This book, aptly titled The Oil Man and the Sea, is about the current threat posed by the proposed Enbridge Northern Gateway pipeline to the ecosystems and people of the Great Bear Rainforest. This region,...

By Maggie Low

Book Review

Tragedy on Jackass Mountain

                In 1889, when John G. Donkin penned Trooper and Redskin in the Far North West, the first Mountie memoir for popular audiences, he initiated a long tradition of...

By Bonnie Reilly Schmidt

Book Review

Mount Robson: Spiral Road of Art

Over the past several years Jane Lytton Gooch has published books devoted to the sketches, paintings, and photographs inspired by the landscape of British Columbia and Alberta. Celebrating the centennial of the founding of British...

By Maria Tippett

Book Review

Investing in Place: Economic Renewal in Northern British Columbia

This book addresses the question of how to bring about sustainable economic and social development in northern British Columbia. It is written from a geographic perspective with influences from policy studies and economics. The authors...

By Laura Lamb



Anne Dance is a History Postdoctoral Fellow at Memorial University of Newfoundland where she is currently researching the remediation of northern mines in Canada. She is also completing a comparative history of the Athabasca oil sands and the Sydney tar ponds.

Kate Garvie completed her master’s degree at the School of Environmental Studies at the University of Victoria in 2013. Her research on shale gas development in British Columbia was conducted in collaboration with the Fort Nelson First Nation. She is currently an organic farmer in Ontario.

Kerry Jang was elected to Vancouver City Council in 2008 and re- elected in 2011. Councillor Jang is a Professor of Psychiatry at UBC, where he teaches and conducts research on the causes of mental illness. Over the past three years he spearheaded the development of the city’s first-ever mental health addictions plan, a strategy for helping survival of sex-trade workers, and the use of modular affordable housing to help people who are homeless. Councillor Jang recently completed his term with the Mental Health Commission of Canada, where he was appointed to the Mental Health and Law Advisory Committee.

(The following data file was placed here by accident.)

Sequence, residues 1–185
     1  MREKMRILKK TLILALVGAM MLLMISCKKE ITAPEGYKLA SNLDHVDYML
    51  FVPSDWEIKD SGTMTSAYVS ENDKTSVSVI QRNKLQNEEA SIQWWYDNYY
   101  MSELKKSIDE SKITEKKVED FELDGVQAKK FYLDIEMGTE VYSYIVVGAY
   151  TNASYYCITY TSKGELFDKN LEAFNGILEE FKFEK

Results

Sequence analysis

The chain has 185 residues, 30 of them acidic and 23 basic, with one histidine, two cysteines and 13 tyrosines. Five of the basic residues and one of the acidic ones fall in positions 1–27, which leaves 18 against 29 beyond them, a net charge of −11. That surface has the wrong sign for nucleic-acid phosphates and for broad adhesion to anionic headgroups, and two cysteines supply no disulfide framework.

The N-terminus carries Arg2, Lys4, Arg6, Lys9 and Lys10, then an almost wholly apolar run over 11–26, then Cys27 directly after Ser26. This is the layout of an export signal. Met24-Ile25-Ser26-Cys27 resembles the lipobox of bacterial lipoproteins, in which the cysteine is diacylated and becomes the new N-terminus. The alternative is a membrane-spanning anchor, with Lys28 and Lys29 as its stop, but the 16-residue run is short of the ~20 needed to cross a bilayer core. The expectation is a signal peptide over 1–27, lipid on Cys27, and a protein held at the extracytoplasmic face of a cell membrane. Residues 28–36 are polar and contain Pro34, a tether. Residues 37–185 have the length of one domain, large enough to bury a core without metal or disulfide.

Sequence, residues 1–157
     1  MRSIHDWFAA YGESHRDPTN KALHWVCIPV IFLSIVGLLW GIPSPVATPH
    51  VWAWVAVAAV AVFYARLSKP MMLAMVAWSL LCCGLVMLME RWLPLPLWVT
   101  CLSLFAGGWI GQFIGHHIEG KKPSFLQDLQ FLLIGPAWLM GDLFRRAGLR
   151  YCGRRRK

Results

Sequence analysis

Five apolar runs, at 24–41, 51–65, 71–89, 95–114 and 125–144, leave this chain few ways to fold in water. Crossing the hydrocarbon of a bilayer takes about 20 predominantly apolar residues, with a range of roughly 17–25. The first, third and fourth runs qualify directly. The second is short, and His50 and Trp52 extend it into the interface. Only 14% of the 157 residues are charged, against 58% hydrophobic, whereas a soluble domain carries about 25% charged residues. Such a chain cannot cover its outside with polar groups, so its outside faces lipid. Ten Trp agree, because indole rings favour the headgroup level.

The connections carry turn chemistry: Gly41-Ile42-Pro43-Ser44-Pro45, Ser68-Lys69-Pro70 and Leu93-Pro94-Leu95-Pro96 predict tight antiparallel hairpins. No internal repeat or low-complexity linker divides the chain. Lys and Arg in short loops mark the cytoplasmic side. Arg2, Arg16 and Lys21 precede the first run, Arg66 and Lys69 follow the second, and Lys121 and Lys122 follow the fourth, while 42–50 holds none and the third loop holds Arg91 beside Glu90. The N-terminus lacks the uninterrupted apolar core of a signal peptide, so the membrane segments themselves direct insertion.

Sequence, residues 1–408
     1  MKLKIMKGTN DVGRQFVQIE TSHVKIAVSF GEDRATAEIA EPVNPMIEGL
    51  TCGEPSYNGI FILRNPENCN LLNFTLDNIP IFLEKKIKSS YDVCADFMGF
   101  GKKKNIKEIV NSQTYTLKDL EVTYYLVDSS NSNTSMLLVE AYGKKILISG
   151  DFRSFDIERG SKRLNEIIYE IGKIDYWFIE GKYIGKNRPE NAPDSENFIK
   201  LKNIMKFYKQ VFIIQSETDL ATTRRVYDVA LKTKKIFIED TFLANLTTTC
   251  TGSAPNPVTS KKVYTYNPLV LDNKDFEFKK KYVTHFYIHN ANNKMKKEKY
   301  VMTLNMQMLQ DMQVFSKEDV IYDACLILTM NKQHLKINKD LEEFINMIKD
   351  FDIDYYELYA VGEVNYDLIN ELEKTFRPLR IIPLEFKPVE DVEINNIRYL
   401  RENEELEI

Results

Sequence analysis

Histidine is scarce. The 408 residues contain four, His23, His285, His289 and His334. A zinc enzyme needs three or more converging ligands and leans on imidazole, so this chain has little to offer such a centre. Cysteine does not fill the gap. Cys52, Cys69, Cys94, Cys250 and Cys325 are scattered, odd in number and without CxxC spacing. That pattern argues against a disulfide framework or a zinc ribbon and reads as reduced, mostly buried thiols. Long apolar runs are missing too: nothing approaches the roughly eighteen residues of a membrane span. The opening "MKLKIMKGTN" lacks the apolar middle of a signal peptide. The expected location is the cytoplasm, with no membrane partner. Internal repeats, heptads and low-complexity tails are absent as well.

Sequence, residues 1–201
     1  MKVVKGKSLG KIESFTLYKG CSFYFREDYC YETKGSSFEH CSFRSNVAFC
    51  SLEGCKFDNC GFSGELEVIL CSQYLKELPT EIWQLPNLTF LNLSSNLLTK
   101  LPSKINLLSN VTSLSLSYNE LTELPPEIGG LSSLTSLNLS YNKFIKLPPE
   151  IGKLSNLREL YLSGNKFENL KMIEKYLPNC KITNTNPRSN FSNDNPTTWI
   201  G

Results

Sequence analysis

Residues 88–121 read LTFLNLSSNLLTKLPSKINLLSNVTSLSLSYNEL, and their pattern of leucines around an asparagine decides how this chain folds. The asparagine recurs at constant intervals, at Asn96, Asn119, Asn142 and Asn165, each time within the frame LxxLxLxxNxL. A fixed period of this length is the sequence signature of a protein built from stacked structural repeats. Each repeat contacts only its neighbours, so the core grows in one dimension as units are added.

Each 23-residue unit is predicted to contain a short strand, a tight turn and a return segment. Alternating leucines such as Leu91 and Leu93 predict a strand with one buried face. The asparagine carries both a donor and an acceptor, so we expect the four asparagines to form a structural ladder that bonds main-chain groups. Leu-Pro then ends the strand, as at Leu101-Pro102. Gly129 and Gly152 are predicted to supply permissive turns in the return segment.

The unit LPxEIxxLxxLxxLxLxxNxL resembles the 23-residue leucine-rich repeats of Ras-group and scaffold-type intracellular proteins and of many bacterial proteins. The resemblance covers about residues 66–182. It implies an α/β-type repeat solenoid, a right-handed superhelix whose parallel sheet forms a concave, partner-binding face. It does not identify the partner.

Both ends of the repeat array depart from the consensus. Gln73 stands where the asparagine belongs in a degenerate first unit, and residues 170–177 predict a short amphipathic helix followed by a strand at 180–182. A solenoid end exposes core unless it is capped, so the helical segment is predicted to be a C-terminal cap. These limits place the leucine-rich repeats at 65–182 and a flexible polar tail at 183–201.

Michael Krausz is a Professor of Psychiatry, Epidemiology and Public Health at the University of British Columbia and the LEEF Chair in Addiction Research. Dr. Krausz is also a senior scientist at the Centre for Health Evaluation and Outcome Sciences. Dr. Krausz’s research focuses on the comorbidity of severe mental illness and addiction, and more recently, e-Mental Health. Isabelle A. Linden completed her Master of Public Health at the University of Sheffield, and has previously published on the topic of substance use, trauma, and homelessness.